Study of the Day: How Chinese Americans Live Within Their Means

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New research from the University of Missouri shows that the largest Asian-American group in the U.S. has almost no consumer debt

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PROBLEM: Bad mortgages and rampant consumer debt drove the U.S. economy into a recession. When it comes to borrowing money, how do those with a Chinese background measure up against other Americans?

METHODOLOGY: Researchers led by University of Missouri professor Rui Yao surveyed 1,957 Chinese-American households in 10 Midwestern cities about their finances. The participants' annual income ranged from $4,000 to $1.4 million. The average was $106,000.

RESULTS: Overall, Chinese Americans borrowed less than the rest of the population. Though 72 percent of the respondents held a mortgage, only five percent of them had outstanding auto loans and only three percent had any other type of consumer debt at the same time. Households with higher incomes were the ones more likely to have consumer debt as well.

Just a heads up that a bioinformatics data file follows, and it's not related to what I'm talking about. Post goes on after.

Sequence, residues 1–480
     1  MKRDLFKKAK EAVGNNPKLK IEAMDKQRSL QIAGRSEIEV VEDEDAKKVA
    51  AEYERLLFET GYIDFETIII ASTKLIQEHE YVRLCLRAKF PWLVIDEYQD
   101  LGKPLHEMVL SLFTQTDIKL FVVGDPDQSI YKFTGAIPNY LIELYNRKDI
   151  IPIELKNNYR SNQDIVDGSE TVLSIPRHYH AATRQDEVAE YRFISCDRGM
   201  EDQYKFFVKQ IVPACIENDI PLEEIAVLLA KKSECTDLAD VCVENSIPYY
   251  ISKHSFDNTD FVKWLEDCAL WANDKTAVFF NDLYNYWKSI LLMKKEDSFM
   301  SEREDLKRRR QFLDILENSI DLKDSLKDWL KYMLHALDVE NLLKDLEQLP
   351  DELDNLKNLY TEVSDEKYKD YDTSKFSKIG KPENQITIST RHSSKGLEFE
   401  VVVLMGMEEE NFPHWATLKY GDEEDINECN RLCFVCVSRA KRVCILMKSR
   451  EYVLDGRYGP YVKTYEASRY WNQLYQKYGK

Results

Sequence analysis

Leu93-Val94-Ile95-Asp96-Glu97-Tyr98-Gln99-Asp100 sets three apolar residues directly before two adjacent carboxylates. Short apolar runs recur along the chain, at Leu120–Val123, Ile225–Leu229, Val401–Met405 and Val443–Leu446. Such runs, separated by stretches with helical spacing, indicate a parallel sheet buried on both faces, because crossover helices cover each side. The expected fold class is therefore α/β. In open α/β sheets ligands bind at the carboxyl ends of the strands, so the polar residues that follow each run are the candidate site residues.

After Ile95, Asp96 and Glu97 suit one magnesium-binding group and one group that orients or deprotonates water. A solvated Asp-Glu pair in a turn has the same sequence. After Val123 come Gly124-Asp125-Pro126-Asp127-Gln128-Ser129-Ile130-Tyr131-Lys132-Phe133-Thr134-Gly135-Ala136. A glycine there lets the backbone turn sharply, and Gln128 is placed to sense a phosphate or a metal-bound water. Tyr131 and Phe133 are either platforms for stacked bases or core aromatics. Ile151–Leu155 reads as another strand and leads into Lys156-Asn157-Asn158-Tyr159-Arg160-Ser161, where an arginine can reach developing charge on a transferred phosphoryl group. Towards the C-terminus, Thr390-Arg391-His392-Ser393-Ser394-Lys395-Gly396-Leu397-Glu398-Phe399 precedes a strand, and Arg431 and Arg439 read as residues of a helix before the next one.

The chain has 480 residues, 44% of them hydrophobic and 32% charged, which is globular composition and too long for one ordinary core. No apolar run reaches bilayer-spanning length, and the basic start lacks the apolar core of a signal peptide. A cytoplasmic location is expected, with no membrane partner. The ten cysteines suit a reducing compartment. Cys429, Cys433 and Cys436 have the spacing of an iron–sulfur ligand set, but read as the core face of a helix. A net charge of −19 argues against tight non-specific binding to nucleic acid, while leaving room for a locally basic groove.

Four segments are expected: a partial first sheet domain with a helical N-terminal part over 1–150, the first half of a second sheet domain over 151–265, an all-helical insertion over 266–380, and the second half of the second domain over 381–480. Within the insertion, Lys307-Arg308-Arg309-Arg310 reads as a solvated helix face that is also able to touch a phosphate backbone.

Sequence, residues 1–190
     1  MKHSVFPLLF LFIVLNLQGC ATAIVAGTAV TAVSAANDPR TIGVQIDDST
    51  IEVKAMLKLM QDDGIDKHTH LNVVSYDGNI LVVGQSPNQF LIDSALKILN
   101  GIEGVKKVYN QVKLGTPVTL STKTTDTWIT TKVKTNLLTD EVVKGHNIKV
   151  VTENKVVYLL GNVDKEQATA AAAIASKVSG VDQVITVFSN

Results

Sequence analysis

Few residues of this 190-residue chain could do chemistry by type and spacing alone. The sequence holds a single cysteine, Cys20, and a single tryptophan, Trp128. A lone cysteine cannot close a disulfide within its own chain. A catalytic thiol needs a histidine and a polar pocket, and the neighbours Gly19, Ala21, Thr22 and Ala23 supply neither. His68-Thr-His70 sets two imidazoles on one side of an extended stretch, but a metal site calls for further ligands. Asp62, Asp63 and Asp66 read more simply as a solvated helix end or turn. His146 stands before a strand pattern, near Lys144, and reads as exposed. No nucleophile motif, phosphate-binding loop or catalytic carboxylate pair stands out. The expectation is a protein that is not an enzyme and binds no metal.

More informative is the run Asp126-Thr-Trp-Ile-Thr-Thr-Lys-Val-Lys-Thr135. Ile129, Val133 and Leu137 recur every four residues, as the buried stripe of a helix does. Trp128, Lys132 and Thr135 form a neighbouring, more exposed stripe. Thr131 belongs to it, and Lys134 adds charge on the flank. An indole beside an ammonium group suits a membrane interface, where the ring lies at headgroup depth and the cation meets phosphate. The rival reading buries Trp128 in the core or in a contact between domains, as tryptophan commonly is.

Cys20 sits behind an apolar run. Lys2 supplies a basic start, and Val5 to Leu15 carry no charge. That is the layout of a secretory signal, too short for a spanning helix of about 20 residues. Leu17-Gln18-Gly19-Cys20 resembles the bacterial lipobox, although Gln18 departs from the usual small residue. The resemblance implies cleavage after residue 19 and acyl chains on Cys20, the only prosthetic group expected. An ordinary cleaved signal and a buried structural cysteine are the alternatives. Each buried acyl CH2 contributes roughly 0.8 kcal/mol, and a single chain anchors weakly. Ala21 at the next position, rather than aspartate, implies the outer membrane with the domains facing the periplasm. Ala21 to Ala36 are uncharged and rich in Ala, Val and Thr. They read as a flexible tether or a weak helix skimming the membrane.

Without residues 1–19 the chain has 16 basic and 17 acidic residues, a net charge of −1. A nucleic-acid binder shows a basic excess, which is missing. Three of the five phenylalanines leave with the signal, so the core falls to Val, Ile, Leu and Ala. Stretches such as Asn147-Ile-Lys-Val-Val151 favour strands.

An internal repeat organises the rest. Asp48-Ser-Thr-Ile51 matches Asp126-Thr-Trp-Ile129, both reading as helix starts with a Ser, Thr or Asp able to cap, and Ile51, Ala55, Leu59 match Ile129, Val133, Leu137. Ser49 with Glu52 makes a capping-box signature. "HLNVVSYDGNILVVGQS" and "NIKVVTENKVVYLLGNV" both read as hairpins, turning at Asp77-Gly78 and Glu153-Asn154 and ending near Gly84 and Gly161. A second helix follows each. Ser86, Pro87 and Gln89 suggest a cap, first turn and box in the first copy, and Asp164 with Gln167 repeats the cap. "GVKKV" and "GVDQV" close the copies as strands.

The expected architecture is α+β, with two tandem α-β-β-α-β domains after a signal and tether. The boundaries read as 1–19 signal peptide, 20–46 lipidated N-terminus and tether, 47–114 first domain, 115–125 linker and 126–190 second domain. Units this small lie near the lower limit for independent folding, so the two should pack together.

CONCLUSION: Chinese Americans don't borrow excessively.

IMPLICATION: Yao says encouraging Chinese Americans to take advantage of their financial options responsibly is important for the economy, but credit and debt are relatively new concepts to this group. She explains in a news release: "Having ties to a country where most purchases are made with cash, debt may not be an acceptable option for low-income households that are aware that debt needs to be repaid with interest in the future."

SOURCE: The full study, "An Exploratory Study of Chinese Americans' Debt Ownership," is published in the Journal of Family and Economic Issues.

Image: REUTERS/Lucas Jackson.

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Hans Villarica writes for and produces The Atlantic's Health channel. His work has appeared in TIME, People Asia, and Fast Company.

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